An Open Letter To A New Grandma Preparing To Visit Her Grandchild

tumblr Dear Grandma:

Your daughter is going to have a baby and you would like to visit your new grandchild when it is born or shortly thereafter. I recently wrote an article entitled “10 Things A Grandma Can Do For An Exhausted New Mom Including Shutting Up A Lot.” I would like you to read the comments on this article, because moms share their experiences with their own mothers and their mothers-in-laws and I think it is very enlightening.

Here’s the deal. I don’t know your daughters. I mean, I know them from this website and we may have exchanged comments and judging from the comments they have left I know them a bit. And I can tell you they are some pretty amazing women. They are kind and funny and smart and interesting. They are your daughters, you know this all ready. But I also know they are worried, and stressed, and tired and even though they want you to meet your new grandchild they are also worried about you meeting your new grandchild.

It had probably been a few years since you had a baby. You may have had no visitors and no help at all, or your own mother may have visited shortly after you gave birth. Try and remember back to that time. Try and remember what helped you a lot and what drove you insane. This is all I am asking you to do for your own daughters. You have all done this baby raising thing. You know so much, so many tips and tricks and what is important to worry about and what isn’t. You know how to rock-a-bye and swaddle and that breastfeeding can be difficult at times and that you get so tired after having a baby. You know after giving birth that your hormones may be out of whack and that your own daughter may be overjoyed and weepy and sometimes at the same time. You know that no matter how helpful he is, or how many diapers he changes, or how involved of a parent he is that her partner will never fully understand what it is like to give birth. You do.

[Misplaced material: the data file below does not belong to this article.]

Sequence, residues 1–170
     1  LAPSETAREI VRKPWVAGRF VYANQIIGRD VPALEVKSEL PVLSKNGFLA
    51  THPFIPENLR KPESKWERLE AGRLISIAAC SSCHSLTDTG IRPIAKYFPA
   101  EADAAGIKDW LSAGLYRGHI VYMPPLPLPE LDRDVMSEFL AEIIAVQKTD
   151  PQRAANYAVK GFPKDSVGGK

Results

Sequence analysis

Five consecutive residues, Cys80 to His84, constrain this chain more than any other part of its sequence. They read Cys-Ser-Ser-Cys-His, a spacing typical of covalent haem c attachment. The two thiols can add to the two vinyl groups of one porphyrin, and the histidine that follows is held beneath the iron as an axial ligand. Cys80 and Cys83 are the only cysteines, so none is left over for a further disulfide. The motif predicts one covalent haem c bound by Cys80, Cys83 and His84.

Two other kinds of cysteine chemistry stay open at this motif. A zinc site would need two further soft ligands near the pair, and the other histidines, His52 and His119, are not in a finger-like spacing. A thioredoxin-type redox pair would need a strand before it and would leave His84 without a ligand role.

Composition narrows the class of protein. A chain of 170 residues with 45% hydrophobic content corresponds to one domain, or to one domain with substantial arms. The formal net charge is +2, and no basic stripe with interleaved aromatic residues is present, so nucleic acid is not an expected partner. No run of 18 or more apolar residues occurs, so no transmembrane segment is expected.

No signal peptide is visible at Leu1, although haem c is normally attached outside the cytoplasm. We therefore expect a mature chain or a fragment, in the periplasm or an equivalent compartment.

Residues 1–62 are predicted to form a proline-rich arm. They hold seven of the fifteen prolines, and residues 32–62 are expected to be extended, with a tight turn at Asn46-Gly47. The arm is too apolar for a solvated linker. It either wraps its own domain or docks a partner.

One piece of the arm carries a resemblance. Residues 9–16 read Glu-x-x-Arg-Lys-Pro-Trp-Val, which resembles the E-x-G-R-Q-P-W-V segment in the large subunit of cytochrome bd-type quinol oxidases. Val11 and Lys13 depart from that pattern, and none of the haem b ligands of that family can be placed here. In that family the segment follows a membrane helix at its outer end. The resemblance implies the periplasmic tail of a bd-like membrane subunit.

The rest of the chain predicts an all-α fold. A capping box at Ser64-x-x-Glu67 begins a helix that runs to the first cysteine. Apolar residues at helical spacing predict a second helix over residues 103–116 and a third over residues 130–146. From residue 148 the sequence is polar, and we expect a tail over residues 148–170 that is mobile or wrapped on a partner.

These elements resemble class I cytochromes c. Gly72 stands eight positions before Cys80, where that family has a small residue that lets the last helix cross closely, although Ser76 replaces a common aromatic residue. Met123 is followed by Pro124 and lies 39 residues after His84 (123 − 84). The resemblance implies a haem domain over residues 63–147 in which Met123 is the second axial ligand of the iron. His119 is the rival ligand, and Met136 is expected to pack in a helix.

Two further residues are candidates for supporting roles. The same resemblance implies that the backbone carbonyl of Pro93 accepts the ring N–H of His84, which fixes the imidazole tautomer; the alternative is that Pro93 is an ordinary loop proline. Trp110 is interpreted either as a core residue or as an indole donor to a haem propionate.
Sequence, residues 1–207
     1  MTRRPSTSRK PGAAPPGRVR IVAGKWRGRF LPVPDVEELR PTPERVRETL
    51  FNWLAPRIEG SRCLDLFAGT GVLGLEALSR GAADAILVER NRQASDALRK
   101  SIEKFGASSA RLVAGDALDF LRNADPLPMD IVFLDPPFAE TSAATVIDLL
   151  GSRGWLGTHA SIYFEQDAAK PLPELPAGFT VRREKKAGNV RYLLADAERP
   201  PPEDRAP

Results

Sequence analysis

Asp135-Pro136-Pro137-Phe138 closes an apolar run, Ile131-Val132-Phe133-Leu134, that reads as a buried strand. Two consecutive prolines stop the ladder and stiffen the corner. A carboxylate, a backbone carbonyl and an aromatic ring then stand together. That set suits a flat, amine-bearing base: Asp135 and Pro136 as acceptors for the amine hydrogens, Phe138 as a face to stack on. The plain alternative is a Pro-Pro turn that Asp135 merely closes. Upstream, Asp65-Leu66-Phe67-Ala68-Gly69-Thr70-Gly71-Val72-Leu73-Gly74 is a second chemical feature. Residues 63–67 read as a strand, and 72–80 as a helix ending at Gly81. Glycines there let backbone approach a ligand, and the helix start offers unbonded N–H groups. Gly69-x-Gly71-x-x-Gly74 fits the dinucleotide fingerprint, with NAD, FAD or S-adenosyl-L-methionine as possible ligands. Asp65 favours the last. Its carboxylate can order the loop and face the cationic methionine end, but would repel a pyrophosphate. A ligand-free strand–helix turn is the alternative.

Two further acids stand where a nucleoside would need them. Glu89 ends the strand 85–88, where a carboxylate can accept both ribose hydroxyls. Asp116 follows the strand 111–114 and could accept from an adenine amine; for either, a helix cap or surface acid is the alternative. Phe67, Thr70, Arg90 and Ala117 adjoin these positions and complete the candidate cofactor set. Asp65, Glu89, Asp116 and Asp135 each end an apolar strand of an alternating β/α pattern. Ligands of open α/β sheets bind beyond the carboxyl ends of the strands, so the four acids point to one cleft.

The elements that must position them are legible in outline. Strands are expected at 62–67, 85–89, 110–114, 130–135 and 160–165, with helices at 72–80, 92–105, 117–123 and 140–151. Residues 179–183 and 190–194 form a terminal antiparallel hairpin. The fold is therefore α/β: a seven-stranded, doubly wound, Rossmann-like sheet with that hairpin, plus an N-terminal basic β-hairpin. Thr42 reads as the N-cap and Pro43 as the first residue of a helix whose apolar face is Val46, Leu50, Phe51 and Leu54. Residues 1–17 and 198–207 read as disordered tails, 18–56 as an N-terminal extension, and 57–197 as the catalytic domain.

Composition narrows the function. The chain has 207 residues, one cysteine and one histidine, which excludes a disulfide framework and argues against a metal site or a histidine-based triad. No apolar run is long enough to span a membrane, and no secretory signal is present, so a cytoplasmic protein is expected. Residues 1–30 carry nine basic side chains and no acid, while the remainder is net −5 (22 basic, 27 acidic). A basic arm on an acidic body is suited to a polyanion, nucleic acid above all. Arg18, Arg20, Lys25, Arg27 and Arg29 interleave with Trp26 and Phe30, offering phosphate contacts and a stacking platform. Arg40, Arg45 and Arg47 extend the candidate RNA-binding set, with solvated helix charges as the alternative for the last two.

Do no harm. Now is not the time to criticize or berate your daughter for any choices she has made. Help when and if you can. Helping her with the cooking and cleaning is nice but if for some reason you cannot do not make additional work for her. My other article lists  things you can do, but if you don’t feel like doing any of them at the very least do not make more work for your daughter. Giving birth is incredibly exhausting. Help her when you can.

Your daughter loves you, and she needs you now, to be her mom. She needs you to love her with a ferociousness and unconditionality like you did when she was a baby and you held her in your arms and marveled at what immense joy you could feel over something not much older than the milk you have in your refrigerator.There will be times when your daughter is doing it wrong with her baby, when she snaps at you for no reason, when she gives you the evil eye when you offer help, when she is a total jerk to you. Keep in mind that one day, either when her new baby is a teenager or she is in the position you are now and visiting her new grandchild, she will get it all back at her.

And you can also get her back while letting your grandchild have candy when they are a toddler.

Congratulations.

(Image: tumblr)

Share This Post:
    • Pingback: 10 Tips For New Grandmas On How They Can Help An Exhausted New Mom()

    • kay

      reasons my mom is an awesome grandma:
      when the baby cries, she ASKS if i want her back. “is she hungry? if she’s not you can let me hold her while she fusses, I’ve done it before”. vs every other person on earth who basically wants to throw the baby at you as fast as they can at the first sign of a cry.

    • Amber Starr

      I can’t wait for December when my mom will finally become a grandma. She’s gonna be a rock star, I KNOW it!

    • Whitney

      Ah Eve! You put me on emotional roller coasters! Your last Grandma tips article made me laugh, this one made me cry. Both were lovely.

      • http://Mommyish.com/ Eve Vawter

        xoxox Thank you.

    • Sara A.

      Don’t be like my mother-in-law. Don’t yell at the new mother. Make meals. Keep visits short. Upon departure from their city, do not demand that the new parents give you snacks. Do chores. My child is now 13 months old. Guess who hasn’t been invited into my house since that visit?

    • Carol Covin

      Love the fact that you did a version of this article for Grandmas from both the Mom’s and the Grandma’s perspective. You must be an awesome daughter to be so sensitive. Thanks!